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December 2018

Into 2019

Roger the Reader will be back in the new year. I’m having some time off and we shall be back to our fortnightly posting schedule from Tuesday the 7th of January.

Meanwhile, why not have a look at our archives, in the sidebar.

Roger the Reader wishes you a very merry Christmas and a happy New Year.

‘The Summit Gained. Behold The Proud Alcove Crowns It!’

Cowper's AlcoveHow do I get a nice snowy photo when it hasn’t snowed here this December? I take the photo in 2010 and I don’t tell you. Er, whoops…

Mr Cowper’s Task

William Cowper published his long poem The Task in 1785 and it’s seen as his greatest achievement. He was 54. But what has the poem to do with this odd looking building in these photos, over half a mile up a narrow lane from the little village of Weston Underwood?

This Grade 2 listedbuilding is known as Cowper’s Alcove and was constructed in 1753 as a folly in the grounds of Weston Park. The park is mostly farm land now. An avenue of Limes once led back towards the village and the old, now long demolished Weston House.

Cowper's Alcove in Weston ParkThis was taken from the lane to Cowper's Alcove. The lane runs along the Western edge of the old Weston Park.

Cowper (pronounced ‘Cooper’) would rest here on his walks when he lived in Olney a couple of miles away. When he moved to Weston Underwood in 1786 he continued his walks. Many of his most famous poems were written at the alcove, including The Task. See the photo below.

Cowper's The TaskAn appropriate piece of the poem is engraved on this stone (click to enlarge)

Here’s a couple of excerpts from The Task:

From Book 1, The Sofa.

“At length a generation more refined
Improved the simple plan, made three legs four,
Gave them a twisted form vermicular,
And o’er the seat, with plenteous wadding stuffed,
Induced a splendid cover green and blue,
Yellow and red, of tapestry richly wrought
And woven close, or needlework sublime.
There might ye see the peony spread wide,
The full-blown rose, the shepherd and his lass,
Lapdog and lambkin with black staring eyes,
And parrots with twin cherries in their beak.”

From Book 4, The Winter Evening.

“Now stir the fire, and close the shutters fast,
Let fall the curtains, wheel the sofa round,
And while the bubbling and loud-hissing urn
Throws up a steamy column, and the cups,
That cheer but not inebriate, wait on each,
So let us welcome peaceful evening in.”

Cowper's Alcove with fisheyePortrait of the photographer as a light stand. This photo was taken in 2013 with a fisheye lens which I hadn’t had very long, and I did not appreciate just how wide an angle it could take in. I hadn’t meant to be in the photo, but there I am, holding my flashgun...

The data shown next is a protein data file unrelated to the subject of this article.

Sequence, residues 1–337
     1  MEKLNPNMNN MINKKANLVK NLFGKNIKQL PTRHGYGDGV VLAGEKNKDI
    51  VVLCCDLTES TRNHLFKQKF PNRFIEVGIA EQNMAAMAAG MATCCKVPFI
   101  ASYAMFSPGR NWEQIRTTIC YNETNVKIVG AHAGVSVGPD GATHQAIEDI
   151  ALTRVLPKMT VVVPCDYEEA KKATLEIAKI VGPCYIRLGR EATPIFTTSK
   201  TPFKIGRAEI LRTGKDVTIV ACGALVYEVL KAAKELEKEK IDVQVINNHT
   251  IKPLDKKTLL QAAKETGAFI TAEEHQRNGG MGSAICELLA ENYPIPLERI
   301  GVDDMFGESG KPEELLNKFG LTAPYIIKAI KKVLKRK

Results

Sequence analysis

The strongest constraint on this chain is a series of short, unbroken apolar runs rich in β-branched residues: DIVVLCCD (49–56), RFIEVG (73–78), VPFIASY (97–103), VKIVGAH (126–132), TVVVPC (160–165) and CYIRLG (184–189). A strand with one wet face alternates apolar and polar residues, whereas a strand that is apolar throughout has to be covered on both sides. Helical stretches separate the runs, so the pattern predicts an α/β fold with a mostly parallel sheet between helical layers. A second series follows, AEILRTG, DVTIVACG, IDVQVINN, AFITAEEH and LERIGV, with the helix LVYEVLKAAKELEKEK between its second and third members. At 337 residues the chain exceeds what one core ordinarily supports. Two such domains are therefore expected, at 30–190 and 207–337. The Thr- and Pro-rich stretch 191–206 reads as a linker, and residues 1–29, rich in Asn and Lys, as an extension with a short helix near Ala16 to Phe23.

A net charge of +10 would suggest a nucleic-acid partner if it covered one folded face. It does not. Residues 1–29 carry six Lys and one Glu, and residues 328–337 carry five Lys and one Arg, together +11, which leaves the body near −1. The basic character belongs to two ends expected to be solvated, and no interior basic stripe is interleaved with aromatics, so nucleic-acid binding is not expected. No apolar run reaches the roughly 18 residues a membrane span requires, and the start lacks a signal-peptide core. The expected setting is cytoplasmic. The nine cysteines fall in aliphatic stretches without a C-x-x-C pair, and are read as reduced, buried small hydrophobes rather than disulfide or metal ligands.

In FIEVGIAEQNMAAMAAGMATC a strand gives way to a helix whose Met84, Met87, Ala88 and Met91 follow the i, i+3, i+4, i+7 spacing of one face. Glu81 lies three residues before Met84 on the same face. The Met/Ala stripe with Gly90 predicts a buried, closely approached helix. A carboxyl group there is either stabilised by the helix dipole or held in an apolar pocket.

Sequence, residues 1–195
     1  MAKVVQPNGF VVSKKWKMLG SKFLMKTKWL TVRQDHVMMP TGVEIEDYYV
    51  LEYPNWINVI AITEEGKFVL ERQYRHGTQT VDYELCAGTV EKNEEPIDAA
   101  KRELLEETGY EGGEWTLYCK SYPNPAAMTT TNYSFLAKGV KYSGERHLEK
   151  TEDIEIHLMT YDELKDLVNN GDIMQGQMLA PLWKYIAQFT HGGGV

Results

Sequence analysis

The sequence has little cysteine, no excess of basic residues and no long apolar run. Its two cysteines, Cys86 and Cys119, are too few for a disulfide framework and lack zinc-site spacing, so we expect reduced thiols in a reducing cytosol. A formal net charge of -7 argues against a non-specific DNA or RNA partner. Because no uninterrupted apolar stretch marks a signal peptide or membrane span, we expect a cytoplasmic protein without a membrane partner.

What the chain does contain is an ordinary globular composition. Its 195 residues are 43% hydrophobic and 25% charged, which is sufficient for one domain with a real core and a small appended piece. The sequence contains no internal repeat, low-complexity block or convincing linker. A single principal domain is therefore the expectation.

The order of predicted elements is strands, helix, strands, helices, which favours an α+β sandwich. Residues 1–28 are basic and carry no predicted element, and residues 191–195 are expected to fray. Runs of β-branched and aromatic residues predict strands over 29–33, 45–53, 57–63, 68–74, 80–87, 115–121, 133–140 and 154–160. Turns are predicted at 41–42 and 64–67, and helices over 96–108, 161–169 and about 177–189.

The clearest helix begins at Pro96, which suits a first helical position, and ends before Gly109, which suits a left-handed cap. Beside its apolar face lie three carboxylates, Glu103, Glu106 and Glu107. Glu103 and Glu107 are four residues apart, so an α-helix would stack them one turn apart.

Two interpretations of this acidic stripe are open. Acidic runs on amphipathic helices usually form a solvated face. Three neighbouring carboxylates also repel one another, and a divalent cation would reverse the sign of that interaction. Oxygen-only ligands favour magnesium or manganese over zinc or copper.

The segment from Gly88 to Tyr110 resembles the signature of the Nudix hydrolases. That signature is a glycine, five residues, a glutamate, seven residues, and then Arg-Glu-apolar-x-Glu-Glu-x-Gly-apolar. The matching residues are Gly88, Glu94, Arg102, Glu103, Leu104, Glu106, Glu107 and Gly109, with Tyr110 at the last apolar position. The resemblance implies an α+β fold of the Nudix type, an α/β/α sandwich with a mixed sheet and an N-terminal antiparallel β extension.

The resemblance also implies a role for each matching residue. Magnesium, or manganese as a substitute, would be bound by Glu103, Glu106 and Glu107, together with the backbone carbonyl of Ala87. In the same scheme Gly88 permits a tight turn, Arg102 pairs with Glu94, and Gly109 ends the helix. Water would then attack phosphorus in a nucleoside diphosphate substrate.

I've also written about Cowper's Alcove, and Orchard Side, the house where Cowper lived in Olney, here. That's already up on my other blog, The North Bucks Wanderer.

Well that’s it. I found a nice snowy photo for you, so this is your Christmas post. Read the excerpt from book 4 again, it’s just right for this time of year. Stay warm, stay well and best wishes for the New Year.

James Bond, Agent X653

IMG_0194There’s a couple of duplicates here, and the books are not in order. There’s a couple of books by another author. None of this matters.

A couple of weeks ago I was working in a house in Milbrook in Bedfordshire and spotted this nice row of books, nearly all 1960s James Bond Pan paperbacks. I asked nicely and was allowed to photograph them and have a close look at one or two.

I saw that the copy of From Russia With Love had the same cover art as my own 1962 copy, but I also had a look at their copy of The Spy Who Loved Me. My example of this book is a hardback, so I was interested to see this paperback's front cover.

The map on the front cover artwork shows the area where much of the action takes place, which is where you might find the Dreamy Pines Motor Court, in the Adirondack Mountains in the North of New York State. This particular Pan book was printed (if I remember) in 1969. I wrote about my hardback copy and some of its history here.

IMG_0198A Hawkey Series cover Bond novel. (See below)

Continue reading "James Bond, Agent X653" »

Policing my Christmas List

Lee Child Killing Floor

It’s December and I received my first Christmas card of the year over a week ago. As usual, it’s from my aunt Doris, who unlike me is always ready for everything in good time.

It’s time to talk about my Christmas list. My family distributes lists of the presents they’d like for Christmas, to each other. For some, it seems to be easy. I scratched my head, thought a lot, and laboured mightily. Eventually I had a list worthy of the name that I could send out.

Now this list idea has at least three advantages:

1) We get what we want.

2) We don’t end up staring at a present we don’t like or want thinking, “what the flippin’ heck am I supposed to do with this and how on Earth can I get rid of it?”

3) Going down the shops to find the gifts, a task I’m always glad to get finished, is just so much easier.

Before I start the Ordeal By Shopping, I work out my best route based on distance walked and weight of purchase, then I just go and do it. Quickly. Efficiently. Morosely. With luck, I finish the shopping in one day.

Naturally, there’s a few books on my list, and here’s a couple of them. Since I haven’t seen these books yet, I’m going to give you excerpts from previous books in the two series, to give you a flavour of the books. You can't beat a new book to read on Christmas morning.

Continue reading "Policing my Christmas List" »